1. Loss Control (Insurance Risk) Audit
A loss control audit examines how your programs and strategies can be improved to reduce the possibility a loss will occur, as well as how to reduce the severity of any losses that do occur.
This type of audit can reveal how much insurance risk your company poses. It may be requested by an insurance provider when they're determining the rates to offer your organization.
Some industries are considered more high-risk than others. Depending on the safety measures you have in your programs and strategies, those may also affect how high or low your rates are.
By improving the safety of your programs and by implementing the recommendations from a loss control audit, you may be able to lower your insurance risk and rates.
2. Environmental Risks Audit
An environmental risks audit focuses on how an organization's actions, strategies and programs affect the environment. These audits typically focus on emissions (gas, liquid and solid) coming from a business to ensure waste streams are being handled correctly.
Of particular importance during an environmental risks audit is if any processes or products have changed. If different chemicals or input variables are being used, then there's also a high likelihood that emissions have changed, as well.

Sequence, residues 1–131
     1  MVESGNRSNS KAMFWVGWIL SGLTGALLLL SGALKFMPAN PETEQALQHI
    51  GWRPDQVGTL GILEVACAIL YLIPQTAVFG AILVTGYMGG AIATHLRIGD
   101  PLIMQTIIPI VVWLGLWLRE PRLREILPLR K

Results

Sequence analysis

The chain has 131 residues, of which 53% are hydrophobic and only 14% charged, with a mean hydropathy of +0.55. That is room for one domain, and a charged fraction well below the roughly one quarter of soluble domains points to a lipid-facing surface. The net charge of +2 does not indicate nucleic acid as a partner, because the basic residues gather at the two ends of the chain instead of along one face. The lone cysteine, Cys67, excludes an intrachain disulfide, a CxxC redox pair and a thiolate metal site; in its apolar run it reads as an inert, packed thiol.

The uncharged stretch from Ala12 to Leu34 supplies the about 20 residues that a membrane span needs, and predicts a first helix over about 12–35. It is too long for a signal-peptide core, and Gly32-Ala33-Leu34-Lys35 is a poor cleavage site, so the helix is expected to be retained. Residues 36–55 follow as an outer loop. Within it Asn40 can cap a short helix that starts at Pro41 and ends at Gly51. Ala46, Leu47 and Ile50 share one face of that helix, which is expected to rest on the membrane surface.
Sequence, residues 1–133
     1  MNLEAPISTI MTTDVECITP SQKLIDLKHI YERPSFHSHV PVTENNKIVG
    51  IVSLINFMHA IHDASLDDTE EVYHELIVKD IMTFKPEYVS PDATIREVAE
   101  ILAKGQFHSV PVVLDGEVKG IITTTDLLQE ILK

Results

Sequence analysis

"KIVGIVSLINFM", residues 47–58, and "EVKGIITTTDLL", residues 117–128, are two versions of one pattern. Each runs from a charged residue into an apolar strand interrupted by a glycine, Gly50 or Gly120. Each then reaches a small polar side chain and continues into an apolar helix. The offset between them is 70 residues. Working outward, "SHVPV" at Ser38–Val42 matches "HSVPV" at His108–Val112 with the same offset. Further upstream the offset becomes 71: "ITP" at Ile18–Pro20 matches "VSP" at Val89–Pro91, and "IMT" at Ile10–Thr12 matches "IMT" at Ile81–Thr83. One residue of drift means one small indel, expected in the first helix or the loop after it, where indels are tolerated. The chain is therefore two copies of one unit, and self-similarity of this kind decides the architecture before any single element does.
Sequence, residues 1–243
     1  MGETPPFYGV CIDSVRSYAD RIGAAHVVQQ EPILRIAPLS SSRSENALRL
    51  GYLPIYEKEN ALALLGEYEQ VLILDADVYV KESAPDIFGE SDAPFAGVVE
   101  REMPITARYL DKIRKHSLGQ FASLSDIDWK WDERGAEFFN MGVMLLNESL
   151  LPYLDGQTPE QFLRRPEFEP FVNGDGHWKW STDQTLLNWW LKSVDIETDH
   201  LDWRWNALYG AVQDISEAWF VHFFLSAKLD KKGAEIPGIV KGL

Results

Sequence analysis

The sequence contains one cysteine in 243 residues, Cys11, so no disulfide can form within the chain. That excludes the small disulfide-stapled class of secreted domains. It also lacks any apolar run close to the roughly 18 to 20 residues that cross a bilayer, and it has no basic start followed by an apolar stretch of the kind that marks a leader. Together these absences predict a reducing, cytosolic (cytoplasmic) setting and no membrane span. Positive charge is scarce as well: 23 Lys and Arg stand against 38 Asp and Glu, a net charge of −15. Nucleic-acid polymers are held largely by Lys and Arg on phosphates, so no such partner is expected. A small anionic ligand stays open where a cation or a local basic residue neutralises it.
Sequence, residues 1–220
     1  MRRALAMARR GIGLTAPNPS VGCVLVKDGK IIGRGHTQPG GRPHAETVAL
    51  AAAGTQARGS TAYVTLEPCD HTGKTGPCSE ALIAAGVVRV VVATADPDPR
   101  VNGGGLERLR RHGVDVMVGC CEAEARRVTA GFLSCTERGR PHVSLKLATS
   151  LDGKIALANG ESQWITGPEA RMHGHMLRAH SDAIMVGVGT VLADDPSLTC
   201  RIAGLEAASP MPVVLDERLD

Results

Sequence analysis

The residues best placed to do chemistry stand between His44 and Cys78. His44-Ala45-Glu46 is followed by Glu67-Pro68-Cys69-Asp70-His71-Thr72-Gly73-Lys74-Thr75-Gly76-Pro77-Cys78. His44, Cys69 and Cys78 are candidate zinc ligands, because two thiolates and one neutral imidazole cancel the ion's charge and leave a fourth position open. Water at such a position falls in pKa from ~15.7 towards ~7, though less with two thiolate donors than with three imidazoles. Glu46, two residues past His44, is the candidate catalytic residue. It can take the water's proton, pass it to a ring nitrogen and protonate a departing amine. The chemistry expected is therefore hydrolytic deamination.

In addition to focusing on emissions, an environmental risks audit can help your business save money and improve efficiency. For example, you may be using more energy than you could be saving with a different method. An audit may also uncover hidden costs, like poor vendor choices or the overuse of a material.
Plus, when your organization uses an environmental risks audit to make changes to become more sustainable, you can highlight those changes in your marketing efforts, which may help you attract more customers.
3. Mock OSHA Audit
OSHA can conduct safety inspections at any time, without advance notice. While employers have the right to request an inspection warrant before allowing an OSHA compliance safety and health officer on-site, OSHA inspectors can typically get a warrant quickly and proceed with an inspection.